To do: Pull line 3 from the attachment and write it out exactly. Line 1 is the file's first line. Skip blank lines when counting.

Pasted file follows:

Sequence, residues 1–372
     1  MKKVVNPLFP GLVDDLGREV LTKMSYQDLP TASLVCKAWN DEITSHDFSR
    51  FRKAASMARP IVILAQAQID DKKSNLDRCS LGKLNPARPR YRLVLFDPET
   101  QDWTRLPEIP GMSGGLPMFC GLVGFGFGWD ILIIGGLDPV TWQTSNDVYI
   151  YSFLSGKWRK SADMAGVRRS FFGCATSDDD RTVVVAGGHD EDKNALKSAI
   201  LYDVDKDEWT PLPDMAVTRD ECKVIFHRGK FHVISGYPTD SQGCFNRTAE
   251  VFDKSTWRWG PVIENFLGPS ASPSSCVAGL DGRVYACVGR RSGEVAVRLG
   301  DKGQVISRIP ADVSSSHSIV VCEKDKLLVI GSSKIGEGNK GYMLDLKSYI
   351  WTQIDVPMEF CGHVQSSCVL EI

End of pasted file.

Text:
    51  FRKAASMARP IVILAQAQID DKKSNLDRCS LGKLNPARPR YRLVLFDPET